Chlorella and Spirulina are blue-green algae that have gained popularity in recent times due to their wide range of health benefits.
Both chlorella and spirulina have been shown to provide promising health benefits with respect to managing blood cholesterol and glucose levels, providing good quality proteins, fighting free radicals and boosting immune health.
Chlorella and spirulina both are available in the form of tablets, capsules or powder supplements.
Chlorella and spirulina are almost similar except for a few differences in their calories and micronutrients content.
Chlorella is rich in carotenoids, chlorophyll, vitamins, minerals and omega 3 fatty acids. The most abundant carotenoids present in chlorella are lutein and zeaxanthin which has been shown to improve eye and vision health. In addition, they are powerful antioxidants that are good for reducing cancer risk as they fight free radicals, oxidative stress and other harmful cancer-causing pathogens. Therefore, chlorella is considered an abundant source of antioxidants.
Both chlorella and spirulina are rich in good fats. They contain both omega 3 and omega 6 fatty acids which are considered good for health as these polyunsaturated fats help maintain blood cholesterol levels and lowers the risk of heart diseases. Due to the presence of omega 3 fatty acids, chlorella and spirulina have excellent heart health-boosting properties. Studies have shown that they are effective in improving overall lipid profile by lowering the levels of LDL and VLDL but raising HDL levels. The omega 3 content of chlorella is higher as compared to spirulina.
Spirulina differs from chlorella with respect to their protein content. Although, both are rich in proteins scientists believe that spirulina has comparatively higher protein as compared to chlorella. Spirulina is one of the richest sources of plant-based proteins. It is a complete protein containing all nine essential amino acids. Its protein quality can be estimated from the fact that spirulina is one of the foods used by NASA astronauts during their space missions.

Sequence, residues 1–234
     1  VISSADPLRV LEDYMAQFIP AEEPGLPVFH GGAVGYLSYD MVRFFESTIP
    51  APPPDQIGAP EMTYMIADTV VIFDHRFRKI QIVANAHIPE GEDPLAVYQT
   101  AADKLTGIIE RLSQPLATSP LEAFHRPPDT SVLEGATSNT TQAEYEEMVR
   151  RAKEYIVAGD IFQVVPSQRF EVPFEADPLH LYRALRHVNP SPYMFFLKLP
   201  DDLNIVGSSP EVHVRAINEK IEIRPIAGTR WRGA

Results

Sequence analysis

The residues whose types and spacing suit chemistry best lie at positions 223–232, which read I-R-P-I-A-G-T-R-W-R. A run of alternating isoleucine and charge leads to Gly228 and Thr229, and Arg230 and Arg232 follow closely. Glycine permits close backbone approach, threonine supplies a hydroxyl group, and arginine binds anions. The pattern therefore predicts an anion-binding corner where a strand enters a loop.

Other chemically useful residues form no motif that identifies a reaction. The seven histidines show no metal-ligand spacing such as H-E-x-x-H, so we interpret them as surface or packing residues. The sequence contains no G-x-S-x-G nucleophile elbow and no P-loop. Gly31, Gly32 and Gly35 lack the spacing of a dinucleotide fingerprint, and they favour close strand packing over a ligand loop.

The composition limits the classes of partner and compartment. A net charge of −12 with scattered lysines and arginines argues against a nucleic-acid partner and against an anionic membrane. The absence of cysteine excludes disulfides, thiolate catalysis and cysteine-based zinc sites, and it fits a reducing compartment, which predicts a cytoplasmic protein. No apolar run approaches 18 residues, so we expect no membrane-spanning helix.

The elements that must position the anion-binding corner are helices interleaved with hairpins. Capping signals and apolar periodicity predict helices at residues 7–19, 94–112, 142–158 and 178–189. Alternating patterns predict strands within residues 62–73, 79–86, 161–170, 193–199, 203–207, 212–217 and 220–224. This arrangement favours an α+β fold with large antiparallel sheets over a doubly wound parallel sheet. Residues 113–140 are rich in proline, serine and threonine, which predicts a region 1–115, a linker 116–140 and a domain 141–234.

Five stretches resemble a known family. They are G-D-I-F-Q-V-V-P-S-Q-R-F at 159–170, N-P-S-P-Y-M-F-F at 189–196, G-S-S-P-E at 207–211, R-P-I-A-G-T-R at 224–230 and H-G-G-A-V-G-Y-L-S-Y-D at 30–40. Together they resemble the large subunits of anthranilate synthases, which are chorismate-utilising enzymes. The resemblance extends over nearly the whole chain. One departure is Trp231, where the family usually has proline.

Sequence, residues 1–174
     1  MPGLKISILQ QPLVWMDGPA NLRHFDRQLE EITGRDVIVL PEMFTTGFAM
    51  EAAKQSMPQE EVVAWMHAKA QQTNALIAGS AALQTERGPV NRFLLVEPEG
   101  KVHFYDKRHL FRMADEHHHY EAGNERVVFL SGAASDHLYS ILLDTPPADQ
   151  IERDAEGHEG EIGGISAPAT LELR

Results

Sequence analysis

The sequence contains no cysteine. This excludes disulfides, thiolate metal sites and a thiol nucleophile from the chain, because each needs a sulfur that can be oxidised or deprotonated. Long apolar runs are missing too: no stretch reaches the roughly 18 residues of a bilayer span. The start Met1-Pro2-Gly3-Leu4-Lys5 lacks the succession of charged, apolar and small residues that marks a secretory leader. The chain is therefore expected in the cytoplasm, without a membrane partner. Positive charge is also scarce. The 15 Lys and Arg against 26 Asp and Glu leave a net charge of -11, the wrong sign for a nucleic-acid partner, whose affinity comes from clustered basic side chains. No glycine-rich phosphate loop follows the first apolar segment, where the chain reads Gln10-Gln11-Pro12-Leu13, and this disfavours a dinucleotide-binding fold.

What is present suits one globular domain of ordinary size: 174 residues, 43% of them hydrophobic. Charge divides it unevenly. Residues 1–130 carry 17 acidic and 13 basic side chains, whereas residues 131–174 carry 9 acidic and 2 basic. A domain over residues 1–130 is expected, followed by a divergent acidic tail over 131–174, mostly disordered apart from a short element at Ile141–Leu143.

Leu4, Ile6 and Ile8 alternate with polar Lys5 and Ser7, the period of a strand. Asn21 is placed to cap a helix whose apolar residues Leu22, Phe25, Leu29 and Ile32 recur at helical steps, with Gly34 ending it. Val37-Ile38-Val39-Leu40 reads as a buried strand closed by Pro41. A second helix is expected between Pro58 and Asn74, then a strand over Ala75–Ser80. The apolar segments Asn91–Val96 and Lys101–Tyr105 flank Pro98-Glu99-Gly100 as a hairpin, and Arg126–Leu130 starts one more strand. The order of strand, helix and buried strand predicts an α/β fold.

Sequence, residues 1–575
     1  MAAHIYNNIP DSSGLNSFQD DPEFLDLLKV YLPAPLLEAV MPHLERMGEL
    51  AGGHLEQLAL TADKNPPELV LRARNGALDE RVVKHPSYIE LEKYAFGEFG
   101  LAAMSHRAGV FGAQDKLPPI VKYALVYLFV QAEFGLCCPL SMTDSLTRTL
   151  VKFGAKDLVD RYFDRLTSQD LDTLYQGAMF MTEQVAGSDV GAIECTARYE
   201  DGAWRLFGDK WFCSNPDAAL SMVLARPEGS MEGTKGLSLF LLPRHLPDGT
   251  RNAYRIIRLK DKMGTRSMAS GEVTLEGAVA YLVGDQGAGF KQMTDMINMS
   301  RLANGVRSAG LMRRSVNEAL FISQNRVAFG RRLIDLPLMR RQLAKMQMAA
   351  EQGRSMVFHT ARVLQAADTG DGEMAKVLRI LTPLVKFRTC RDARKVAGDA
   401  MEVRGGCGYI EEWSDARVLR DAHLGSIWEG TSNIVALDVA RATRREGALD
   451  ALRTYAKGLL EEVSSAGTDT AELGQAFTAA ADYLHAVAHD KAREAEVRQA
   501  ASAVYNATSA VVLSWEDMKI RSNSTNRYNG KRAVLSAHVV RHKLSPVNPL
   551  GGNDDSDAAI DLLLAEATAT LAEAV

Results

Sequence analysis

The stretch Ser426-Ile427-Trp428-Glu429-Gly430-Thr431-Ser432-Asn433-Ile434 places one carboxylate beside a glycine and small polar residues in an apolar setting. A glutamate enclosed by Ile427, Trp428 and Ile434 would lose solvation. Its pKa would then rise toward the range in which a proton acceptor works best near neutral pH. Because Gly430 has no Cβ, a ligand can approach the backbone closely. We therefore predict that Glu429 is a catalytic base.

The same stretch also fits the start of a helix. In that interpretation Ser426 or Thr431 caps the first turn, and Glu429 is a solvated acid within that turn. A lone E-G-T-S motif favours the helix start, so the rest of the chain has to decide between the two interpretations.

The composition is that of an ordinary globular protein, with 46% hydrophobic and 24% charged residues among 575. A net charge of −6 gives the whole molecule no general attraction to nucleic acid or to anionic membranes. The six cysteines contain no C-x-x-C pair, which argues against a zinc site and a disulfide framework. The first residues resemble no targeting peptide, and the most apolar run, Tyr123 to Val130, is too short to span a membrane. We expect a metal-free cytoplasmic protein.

Some of the other nutrients present in chlorella are dietary fibre, vitamin A, C, E, riboflavin, zinc and iron. Whereas spirulina contains vitamin A, K, niacin, vitamin B12, calcium, phosphorus, iodine, magnesium and potassium.
In addition, both these blue-green algae are considered good for diabetics as they prevent fluctuations in blood glucose levels, decrease insulin resistance and improve its sensitivity. Studies have demonstrated their significant effect of improving blood sugar levels.
To sum up, we can say that both chlorella and spirulina exert their health benefits and both are healthy for us. They are rich in good fats, minerals and vitamins. Spirulina gains an extra edge because of its high protein content as compared to spirulina. On the other hand, chlorella has a higher content of good fats than spirulina. Chlorella has been shown to aid in detoxification by binding to heavy metals like lead and cadmium in our body.
If you are planning to consume Spirulina or Chlorella supplements then it is better to consult a doctor for specific dosages because there is no specific RDA for them. People on medications like blood thinners should be extra cautious.
- Merchant, R. E., & Andre, C. A. (2001). A review of recent clinical trials of the nutritional supplement Chlorella pyrenoidosa in the treatment of fibromyalgia, hypertension, and ulcerative colitis. Alternative therapies in health and medicine, 7(3), 79–91.
- Na Hee Ryu et al.(2014).Impact of daily Chlorella consumption on serum lipid and carotenoid profiles in mildly hypercholesterolemic adults: a double-blinded, randomized, placebo-controlled study. Nutrition Journal.13:57. http://www.nutritionj.com/content/13/1/57
- The Effect of Chlorella Supplementation on Patients With Type 2 Diabetes Mellitus - Full Text View - ClinicalTrials.gov. (n.d.) Https://Clinicaltrials.Gov/Ct2/Show/NCT03625856.
- Deng, R., & Chow, T. J. (2010). Hypolipidemic, antioxidant, and antiinflammatory activities of microalgae Spirulina. Cardiovascular therapeutics, 28(4), e33–e45. https://doi.org/10.1111/j.1755-5922.2010.00200.x
- Gabriela Gutiérrez-Salmeán et al.(2015).Nutritional and toxicological aspects of Spirulina.Nutr Hosp.32(1),34-40
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